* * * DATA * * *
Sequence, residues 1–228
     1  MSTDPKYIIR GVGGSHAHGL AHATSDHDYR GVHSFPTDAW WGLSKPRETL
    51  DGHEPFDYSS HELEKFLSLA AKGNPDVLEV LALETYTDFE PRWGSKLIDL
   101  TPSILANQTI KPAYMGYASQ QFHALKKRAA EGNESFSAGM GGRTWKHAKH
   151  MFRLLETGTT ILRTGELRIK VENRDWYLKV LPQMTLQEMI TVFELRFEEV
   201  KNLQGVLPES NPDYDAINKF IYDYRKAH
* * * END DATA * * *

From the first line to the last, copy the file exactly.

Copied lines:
Sequence, residues 1–228
     1  MSTDPKYIIR GVGGSHAHGL AHATSDHDYR GVHSFPTDAW WGLSKPRETL
    51  DGHEPFDYSS HELEKFLSLA AKGNPDVLEV LALETYTDFE PRWGSKLIDL
   101  TPSILANQTI KPAYMGYASQ QFHALKKRAA EGNESFSAGM GGRTWKHAKH
   151  MFRLLETGTT ILRTGELRIK VENRDWYLKV LPQMTLQEMI TVFELRFEEV
   201  KNLQGVLPES NPDYDAINKF IYDYRKAH